There is a significant difference between what you want to eat when you’re high and what you want to eat in order to get high. This is the conflict of the weed cookbook, a genre that aims to hook both stoners and home cooks alike by treating the friendly herb as more than just a psychoactive drug. And while the vape contingent might argue that theirs is a more efficient way to ingest weed without the health risks of smoking, the marriage of the home cooking movement and weed culture is inevitable, and full of possibility. 

Herb: Mastering the Art of Cooking with Cannabis is an ambitious attempt to bring together the weed brownie set and the dinner party set, medical mary jane proponents and recreational smokers, the anxious and the epicurious—all through the magic of cannabis-infused oils and butters. The book was successfully crowdfunded last year and published this fall by the people at The Stoner’s Cookbook, a recipe hub for the cannabis inclined. This is the team’s second cookbook (the first was an e-book filled with more basic recipes) and with it, they hope to educate readers on this “beneficial herb with pleasant effects,” and to inspire them to bring it joyfully into their home kitchens. 

I’ve eaten edibles before—there was a shortsighted and traumatic brownie-meets-Megabus experience in 2012, and a handful of cheerier times since then—but I never made them at home, because I heard that making cannabis-infused oil stinks up your whole house and because I’m lazy. I’ve certainly never gone the savory route. This is perhaps a common experience: Edibles sound like a good idea, until you factor in logistics (and legality). But Matt Gray, CEO of The Stoner’s Cookbook, has high aspirations for the practice. As he told me over the phone, the authors wanted the book to be classy, to “elevate” cannabis’s culinary reputation. Gray wants it to be accessible enough to grace the front table at your local Barnes & Noble. As we signed off, he mentioned something about “how this book can help millions of people around the world.” Gray’s comment may sound like the sort of stoned idealism that precedes a greying deadhead’s muttering “peace and love, man,” but also: Who’s to say he’s wrong? Who’s to say that edibles won’t eliminate pain and lead to peace? Who’s to say that a brownie can’t solve our problems, or at least a small slice of them? 


Inkshares

Looking at Herb, you can certainly imagine it on display at an independent Colorado bookstore, if not Barnes & Noble. Its cover checks off all the boxes of an on-trend, coffee table-ready cookbook: The letters are large, dramatic, and few; the lighting is also dramatic, highlighting a seemingly hand-hewn chef’s knife and a scarily large nug of “cannabis” (the authors’ preferred term for what the rest of us know simply as “weed”). The subtitle—“Mastering the art of cooking with cannabis,” hovering in grey just above the knife—references Julia Child’s seminal cookbook, Mastering the Art of French Cooking, the American ur-text of French cuisine. Child was our first home cooking celebrity, and her recipes and instruction in French Cooking have become general household knowledge; she changed the way our country cooks. For their own attempt at timelessness, The Stoner’s Cookbook team enlisted two experienced and 420-friendly chefs—Portland’s Laurie Wolf, who owns the artisan medical edibles company Laurie & MaryJane, and Colorado’s Melissa Parks, a graduate of Le Cordon Bleu in Minneapolis and former head chef at edibles company Bakked—to develop recipes, and brought on seasoned cookbook writer Michael Ruhlman to fine-tune the cannabis extraction instructions and act as a consultant. Herb aims to be the French Cooking of weed, the beginning of a new moment in American food culture. After my first flip-through I was underwhelmed but still excited, ready to eat some drugs.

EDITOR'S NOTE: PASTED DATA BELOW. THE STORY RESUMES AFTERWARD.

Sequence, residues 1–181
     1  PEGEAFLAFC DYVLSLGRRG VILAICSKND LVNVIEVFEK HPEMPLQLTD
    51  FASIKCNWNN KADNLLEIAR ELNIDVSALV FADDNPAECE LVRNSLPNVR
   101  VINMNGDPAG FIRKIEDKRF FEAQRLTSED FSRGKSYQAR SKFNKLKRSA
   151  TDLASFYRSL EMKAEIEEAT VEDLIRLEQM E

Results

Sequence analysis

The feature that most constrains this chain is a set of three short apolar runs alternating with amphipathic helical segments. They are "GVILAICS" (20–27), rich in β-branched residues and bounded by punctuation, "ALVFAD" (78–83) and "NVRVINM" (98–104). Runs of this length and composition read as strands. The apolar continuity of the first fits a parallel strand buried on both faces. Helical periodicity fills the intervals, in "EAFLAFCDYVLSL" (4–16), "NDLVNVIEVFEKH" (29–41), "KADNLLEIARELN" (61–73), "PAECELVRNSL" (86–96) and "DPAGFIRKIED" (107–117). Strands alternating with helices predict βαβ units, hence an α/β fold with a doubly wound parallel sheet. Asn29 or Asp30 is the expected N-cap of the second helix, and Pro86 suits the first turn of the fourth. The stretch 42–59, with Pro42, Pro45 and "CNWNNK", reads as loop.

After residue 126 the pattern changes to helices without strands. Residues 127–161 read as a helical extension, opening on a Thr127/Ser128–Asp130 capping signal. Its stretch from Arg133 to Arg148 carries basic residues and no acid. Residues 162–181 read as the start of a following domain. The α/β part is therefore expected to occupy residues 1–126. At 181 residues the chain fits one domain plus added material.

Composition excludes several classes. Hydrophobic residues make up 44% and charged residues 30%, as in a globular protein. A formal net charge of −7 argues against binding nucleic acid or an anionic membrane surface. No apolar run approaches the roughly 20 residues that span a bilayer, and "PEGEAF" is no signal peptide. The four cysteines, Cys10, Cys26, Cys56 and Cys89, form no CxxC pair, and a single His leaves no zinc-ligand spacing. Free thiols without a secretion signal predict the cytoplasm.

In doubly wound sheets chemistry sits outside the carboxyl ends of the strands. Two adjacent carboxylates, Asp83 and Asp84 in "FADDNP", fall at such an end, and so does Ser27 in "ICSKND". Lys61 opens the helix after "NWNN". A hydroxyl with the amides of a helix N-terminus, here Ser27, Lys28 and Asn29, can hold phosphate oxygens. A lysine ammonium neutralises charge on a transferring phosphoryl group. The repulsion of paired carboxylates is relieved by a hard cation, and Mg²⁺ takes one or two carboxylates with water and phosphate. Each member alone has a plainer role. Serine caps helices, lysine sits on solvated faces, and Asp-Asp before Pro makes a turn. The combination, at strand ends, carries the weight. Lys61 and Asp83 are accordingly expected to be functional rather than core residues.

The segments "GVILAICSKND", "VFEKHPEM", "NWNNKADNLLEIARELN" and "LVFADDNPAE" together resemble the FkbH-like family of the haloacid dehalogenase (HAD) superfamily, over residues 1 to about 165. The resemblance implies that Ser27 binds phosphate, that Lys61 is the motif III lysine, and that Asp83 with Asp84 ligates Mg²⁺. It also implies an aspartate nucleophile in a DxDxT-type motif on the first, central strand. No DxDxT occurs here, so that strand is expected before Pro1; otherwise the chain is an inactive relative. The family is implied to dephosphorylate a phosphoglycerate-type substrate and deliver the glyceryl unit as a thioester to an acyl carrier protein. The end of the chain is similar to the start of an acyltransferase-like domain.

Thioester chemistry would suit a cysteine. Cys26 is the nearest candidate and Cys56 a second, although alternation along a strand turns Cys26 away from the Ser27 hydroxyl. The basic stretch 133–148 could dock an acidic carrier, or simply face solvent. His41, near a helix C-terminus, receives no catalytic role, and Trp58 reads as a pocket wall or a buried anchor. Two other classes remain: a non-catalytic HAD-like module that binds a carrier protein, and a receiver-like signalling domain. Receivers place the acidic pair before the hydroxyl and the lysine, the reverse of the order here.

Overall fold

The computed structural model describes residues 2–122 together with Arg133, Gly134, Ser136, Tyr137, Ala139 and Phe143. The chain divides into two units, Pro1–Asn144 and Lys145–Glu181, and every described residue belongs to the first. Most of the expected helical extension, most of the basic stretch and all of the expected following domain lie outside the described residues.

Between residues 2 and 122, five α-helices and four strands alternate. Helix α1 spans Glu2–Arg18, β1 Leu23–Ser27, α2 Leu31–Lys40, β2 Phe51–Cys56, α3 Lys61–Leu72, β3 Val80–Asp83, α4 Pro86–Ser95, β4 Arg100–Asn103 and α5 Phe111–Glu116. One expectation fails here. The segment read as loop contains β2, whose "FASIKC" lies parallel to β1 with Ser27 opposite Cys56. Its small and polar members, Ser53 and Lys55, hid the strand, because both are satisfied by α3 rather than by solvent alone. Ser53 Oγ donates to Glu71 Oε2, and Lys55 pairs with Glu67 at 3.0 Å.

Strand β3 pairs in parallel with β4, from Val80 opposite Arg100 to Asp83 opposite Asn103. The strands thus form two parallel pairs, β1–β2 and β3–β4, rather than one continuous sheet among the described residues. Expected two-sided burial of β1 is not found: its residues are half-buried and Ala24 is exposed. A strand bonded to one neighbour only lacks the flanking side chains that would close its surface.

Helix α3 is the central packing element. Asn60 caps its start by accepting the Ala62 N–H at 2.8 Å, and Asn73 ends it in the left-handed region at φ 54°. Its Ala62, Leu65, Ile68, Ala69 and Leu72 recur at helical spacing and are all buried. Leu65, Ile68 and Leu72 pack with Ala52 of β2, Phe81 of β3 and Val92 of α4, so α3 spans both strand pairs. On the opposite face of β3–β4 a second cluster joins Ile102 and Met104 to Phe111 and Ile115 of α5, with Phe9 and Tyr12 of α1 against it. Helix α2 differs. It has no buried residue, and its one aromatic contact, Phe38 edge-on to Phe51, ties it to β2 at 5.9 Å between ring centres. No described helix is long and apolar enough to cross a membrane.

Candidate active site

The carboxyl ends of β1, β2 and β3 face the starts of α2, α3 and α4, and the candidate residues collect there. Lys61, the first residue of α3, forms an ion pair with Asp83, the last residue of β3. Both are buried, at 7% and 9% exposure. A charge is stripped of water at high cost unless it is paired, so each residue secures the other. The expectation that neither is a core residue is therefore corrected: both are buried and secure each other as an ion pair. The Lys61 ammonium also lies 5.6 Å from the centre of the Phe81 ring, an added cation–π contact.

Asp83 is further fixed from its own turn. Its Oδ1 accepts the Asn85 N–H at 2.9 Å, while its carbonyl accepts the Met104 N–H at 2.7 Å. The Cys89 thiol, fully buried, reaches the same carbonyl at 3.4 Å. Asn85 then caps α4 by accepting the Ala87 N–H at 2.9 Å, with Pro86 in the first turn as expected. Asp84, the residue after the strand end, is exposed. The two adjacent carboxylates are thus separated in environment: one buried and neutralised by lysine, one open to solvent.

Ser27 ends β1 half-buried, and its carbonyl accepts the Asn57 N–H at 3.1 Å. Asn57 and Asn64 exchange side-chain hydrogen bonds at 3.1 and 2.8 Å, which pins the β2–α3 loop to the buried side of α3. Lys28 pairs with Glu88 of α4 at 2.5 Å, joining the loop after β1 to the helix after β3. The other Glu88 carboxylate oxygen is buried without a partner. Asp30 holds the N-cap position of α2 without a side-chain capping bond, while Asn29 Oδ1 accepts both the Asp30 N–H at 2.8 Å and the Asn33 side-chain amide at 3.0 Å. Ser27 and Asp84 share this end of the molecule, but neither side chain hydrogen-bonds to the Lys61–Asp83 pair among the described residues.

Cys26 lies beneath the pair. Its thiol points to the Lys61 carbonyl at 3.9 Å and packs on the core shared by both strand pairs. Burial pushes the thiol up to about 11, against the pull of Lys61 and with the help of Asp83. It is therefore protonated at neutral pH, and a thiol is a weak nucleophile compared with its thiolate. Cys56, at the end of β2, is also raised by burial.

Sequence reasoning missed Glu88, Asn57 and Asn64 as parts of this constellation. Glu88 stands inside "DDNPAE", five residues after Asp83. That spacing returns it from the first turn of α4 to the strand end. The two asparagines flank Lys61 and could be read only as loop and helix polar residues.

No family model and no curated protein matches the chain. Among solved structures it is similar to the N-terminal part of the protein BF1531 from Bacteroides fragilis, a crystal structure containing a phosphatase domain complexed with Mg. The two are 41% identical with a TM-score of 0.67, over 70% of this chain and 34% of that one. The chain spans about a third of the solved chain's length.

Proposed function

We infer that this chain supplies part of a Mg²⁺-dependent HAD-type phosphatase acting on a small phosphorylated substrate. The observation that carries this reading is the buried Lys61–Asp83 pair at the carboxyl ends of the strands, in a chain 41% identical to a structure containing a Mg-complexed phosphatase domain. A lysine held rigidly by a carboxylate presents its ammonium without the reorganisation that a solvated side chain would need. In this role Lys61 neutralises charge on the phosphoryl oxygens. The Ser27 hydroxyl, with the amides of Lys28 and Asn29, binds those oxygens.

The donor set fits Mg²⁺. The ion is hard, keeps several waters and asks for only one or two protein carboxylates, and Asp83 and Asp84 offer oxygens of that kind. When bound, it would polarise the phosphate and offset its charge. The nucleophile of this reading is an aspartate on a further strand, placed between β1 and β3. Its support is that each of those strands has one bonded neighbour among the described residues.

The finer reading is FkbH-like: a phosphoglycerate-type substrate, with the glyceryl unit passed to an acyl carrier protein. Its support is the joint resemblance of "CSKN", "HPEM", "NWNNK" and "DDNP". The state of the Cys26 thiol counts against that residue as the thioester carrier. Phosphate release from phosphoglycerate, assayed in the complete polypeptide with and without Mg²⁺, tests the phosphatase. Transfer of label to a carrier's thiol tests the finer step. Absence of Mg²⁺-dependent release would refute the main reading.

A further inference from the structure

I resolved to make two recipes: one savory, one sweet. I began with a baked (get it?) pasta with artichoke pesto, which sounded comforting and exciting and like something I’d want to eat if I were high. The pesto itself felt new: Herb’s recipe has you blitz canned artichokes with parsley, garlic, lemon, and nuts, then add in a long pour of olive oil and a few teaspoons of cannabis-infused olive oil—“canna-olive oil.” It’s a nice way to make canned artichokes taste fresh and bright, and it’s also a handy alternative to traditional pesto; I’ll use it again (sans weed). You toss it with cooked pasta, top the result with a breadcrumb-herb mixture and wait for it to bake.

Even so, until I pulled the pasta out of the oven, I was a little annoyed by the idea of weed cookery. To make canna-olive oil, you must first “decarboxylate” your cannabis by breaking it into bits and toasting it in a low oven for 40 minutes; this converts THCA into THC, the thing that gets you high, and develops its flavor, just as toasting spices does. Then you grind it and cook it with olive oil on the lowest heat you can find for three hours. Cannabutter takes five hours of low cooking, then an overnight rest. Not to mention that each oil recipe calls for an ounce of weed, which might run you $300, making the ingredient more expensive than caviar. This is too much for me. I am not that dedicated to edibles; I enjoy smoking, and it only takes me a few seconds to do. After I held my pan of fully-baked pasta, though, my first reaction was a squeal, and then a shriek: “I CAN’T BELIEVE THERE’S WEED IN THIS!”